Fly Like a Pro — Part 7: The Second LOFT Session

Figure 1

After the volunteers had flown the first LOFT scenario and attended the workshop/seminars, they were scheduled back into the flight simulators for a second session. The second LOFT scenario was different from the first but it featured the same elements and decision prompting situations. The results were overwhelmingly positive. Pilot volunteers from both groups made statistically significant improvement in decision times, decision quality, and scenario outcomes. In addition, pilots who had been given the specialized decision training had 10% fewer accidents than did the group trained with traditional methods.

The second scenario began at the Perry County Airport in Linden, Tennessee (figure 1, position A) with the intended destination airport of Nashville International Airport (figure 1, position B). The participants were told that the purpose of the flight was to deliver a shipment of blood for the American Red Cross. An “Igloo” cooler with the sign: “BLOOD DONATION – American Red Cross – Rush Shipment to Nashville – Highest Priority” was placed in the cockpit of the simulator with the participant. The participants were also told that the airplane’s radio call sign for this particular flight would be changed from “Frasca 141” to “Lifeguard 141” since the blood donation was on board.

The Goal: I wanted the pilots to have a good reason to be taking this “flight.” The blood donation provided a purpose and also a sense of urgency. Many of the pilots had treated the first scenario as a “training exercise” and did not really and truly believe it to be real. By placing the blood donation container in the cockpit with the pilots, I wanted to give them a mission to accomplish.

Like with the first session, a set of written instructions was given to each pilot upon entering the simulator. After takeoff, the route of flight took the airplane to the Graham VOR station near Centerville, Tennessee. As the flight passed over the Graham VOR station I began the timer. As the flight neared Nashville a weather report was made available on ATIS, “Nashville has a measured ceiling of 600 overcast, visibility is one and one-half miles, wind 360-degrees and 10 knots, RADAR indicates a level 3 thunderstorm 15 miles northwest of the Nashville Airport, moving southeast at 12 knots.” The participants could have understood from this report that the cloud ceiling height was high enough for any approach at Nashville and that even though there was a thunderstorm moving toward the Nashville Airport, it would not reach the airport for over one hour.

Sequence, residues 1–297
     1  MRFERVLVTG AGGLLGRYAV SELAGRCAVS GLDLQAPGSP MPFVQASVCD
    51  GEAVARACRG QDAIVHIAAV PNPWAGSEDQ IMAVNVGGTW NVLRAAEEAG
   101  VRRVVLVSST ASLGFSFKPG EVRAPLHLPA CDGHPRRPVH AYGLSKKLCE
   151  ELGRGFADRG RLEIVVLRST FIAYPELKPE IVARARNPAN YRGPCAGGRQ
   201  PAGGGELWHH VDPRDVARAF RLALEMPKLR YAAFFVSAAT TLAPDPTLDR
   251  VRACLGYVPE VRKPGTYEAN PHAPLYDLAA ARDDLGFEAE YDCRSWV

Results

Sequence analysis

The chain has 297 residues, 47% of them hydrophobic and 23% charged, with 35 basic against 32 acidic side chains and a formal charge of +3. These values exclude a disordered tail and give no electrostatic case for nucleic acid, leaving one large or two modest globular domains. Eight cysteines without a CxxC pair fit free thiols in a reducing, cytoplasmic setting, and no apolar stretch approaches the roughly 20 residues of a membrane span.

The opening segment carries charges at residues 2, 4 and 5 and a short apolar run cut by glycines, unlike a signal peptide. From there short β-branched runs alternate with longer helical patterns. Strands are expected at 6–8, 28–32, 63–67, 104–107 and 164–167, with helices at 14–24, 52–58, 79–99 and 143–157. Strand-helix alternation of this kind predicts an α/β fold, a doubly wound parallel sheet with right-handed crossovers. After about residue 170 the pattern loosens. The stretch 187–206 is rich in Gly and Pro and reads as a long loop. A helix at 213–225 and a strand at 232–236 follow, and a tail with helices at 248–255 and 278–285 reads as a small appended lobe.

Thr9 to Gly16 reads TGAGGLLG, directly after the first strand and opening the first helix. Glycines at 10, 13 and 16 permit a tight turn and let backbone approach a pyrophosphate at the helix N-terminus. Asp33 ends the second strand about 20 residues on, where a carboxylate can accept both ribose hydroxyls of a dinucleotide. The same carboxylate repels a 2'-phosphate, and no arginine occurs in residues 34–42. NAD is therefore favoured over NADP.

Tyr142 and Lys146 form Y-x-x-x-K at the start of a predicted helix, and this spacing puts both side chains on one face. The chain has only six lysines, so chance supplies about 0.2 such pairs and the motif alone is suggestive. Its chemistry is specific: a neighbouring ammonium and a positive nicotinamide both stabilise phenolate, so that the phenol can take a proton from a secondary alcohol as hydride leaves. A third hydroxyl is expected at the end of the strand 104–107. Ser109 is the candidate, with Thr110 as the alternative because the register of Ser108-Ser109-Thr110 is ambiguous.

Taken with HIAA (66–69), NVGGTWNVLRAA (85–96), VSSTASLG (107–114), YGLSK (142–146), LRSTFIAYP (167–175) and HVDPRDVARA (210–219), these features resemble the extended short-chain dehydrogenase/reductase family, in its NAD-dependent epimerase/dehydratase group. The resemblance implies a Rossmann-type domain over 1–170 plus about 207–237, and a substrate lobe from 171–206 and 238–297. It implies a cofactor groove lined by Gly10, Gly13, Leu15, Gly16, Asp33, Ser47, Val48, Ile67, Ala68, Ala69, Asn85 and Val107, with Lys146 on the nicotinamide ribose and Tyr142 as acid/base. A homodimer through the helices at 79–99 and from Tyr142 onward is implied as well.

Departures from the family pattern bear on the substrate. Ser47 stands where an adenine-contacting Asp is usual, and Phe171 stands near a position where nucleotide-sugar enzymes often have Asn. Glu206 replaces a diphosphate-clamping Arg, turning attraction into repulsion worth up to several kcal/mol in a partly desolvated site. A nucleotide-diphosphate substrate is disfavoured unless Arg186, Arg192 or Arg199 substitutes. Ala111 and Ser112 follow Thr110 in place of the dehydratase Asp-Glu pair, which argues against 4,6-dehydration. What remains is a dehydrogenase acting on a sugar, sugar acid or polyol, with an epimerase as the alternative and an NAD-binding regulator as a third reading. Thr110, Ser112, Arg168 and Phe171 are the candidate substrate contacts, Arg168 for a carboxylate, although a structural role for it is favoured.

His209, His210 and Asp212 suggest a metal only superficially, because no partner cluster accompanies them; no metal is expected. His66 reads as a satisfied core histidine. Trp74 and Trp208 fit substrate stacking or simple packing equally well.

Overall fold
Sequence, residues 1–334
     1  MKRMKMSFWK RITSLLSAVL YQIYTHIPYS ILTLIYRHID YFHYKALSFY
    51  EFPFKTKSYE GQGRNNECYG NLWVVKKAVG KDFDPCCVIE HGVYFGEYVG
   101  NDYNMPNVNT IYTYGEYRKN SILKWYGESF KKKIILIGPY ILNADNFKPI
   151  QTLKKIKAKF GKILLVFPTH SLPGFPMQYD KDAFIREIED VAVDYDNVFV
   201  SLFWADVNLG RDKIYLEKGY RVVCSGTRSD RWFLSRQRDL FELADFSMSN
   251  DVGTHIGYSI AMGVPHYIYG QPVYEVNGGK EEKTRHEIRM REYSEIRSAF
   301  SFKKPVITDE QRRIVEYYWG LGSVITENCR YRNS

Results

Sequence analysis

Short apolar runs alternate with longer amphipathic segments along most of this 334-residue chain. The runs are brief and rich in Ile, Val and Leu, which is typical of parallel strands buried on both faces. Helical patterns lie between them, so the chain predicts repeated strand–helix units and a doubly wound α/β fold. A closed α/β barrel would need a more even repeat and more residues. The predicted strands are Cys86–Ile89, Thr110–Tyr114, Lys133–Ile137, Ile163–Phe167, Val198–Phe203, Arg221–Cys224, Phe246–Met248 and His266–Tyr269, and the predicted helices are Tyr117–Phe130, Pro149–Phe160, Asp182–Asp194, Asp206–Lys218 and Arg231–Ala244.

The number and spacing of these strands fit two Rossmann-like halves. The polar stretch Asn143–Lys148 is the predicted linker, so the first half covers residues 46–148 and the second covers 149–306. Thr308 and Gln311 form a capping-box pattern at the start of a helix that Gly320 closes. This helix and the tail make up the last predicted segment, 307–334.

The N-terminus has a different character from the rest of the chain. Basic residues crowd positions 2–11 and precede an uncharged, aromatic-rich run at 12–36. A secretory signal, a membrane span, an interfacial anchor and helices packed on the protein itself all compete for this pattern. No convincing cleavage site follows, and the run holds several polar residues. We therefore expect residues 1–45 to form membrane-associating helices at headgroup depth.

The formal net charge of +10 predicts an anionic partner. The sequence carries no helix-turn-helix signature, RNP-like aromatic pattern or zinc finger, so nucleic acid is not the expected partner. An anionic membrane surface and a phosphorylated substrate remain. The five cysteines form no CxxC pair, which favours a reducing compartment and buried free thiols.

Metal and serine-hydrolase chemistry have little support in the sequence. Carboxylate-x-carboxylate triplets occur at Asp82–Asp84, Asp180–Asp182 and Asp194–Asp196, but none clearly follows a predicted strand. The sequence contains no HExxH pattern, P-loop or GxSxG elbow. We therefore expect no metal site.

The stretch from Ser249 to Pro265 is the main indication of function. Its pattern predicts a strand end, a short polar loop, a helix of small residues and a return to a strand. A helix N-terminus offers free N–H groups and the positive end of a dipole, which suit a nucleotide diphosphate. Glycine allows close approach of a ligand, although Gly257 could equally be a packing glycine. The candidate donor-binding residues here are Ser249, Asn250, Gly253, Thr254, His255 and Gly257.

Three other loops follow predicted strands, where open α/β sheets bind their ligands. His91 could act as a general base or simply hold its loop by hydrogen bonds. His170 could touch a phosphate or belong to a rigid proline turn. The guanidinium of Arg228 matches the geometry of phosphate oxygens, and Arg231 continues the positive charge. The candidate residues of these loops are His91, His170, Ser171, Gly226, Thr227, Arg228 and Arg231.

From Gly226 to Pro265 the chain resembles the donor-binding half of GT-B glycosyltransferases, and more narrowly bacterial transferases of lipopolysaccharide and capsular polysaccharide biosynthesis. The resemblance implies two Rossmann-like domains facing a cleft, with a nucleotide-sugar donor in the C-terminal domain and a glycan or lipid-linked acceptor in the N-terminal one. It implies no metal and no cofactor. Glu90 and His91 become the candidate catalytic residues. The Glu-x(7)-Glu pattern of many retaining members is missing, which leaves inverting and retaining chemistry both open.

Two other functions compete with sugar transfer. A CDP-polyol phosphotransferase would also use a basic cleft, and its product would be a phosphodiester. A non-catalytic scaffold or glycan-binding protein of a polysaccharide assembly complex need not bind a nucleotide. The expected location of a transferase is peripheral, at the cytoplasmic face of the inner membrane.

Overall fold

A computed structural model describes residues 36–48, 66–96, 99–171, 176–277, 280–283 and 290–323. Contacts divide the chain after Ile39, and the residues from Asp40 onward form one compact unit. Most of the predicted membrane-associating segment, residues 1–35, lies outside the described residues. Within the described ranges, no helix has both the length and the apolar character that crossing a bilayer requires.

Figure 2 is a photo of the engine instruments when they are indicating normal levels. These instruments are just in front of the control wheel on the instrument panel. The oil pressure, oil temperature, and cylinder head temperature are all indicating in the green arc. During the weather report I set the simulator’s computer to slowly indicate the onset of a decrease in engine oil pressure and a simultaneous rise in engine temperatures.

Figure 3 is a photo of the engine instruments after the oil loss and temperature rise had taken place. These indications would tell the pilot that the engine is loosing its oil and that engine failure is eminent and unavoidable. These indications should have told the pilot that the remainder of the scenario was a race against time before engine failure.

The air traffic controller then told the pilots, to: “Expect the ILS approach runway 2 Left at Nashville” (figure 4). But shortly after these instructions were given, the pilots were called by the controller and given this message: “Lifeguard 141, there has been an airplane land at Nashville on runway 31 with the landing gear up. Rescue crews are now on the way to the scene of the accident. Until the rescue crews tell us that everything is all clear, the Nashville Airport is temporarily closed. You can still expect the ILS to runway 2 left, but you will be getting an extended vector for this delay.

Within one minute of this announcement the airplane’s engine began to run rough due to loss of oil. I used the simulator’s computer terminal to cause the engine noise to hesitate and the tachometer to show rough and wavering RPM. This simulated a rough running engine. The pilots (without their knowledge) were given 17 minutes from the onset of oil loss indications until engine failure. Unless the pilot objected, the controller then gave the pilot a turn away from three airports (Nashville’s International Airport, Nashville’s John C. Tune Airport, and Smyrna’s Airport) in order to delay the approach to Nashville because of the accident at the Nashville airport. I recorded time intervals and made observations of what decisions the participants made — or failed to make — after this point.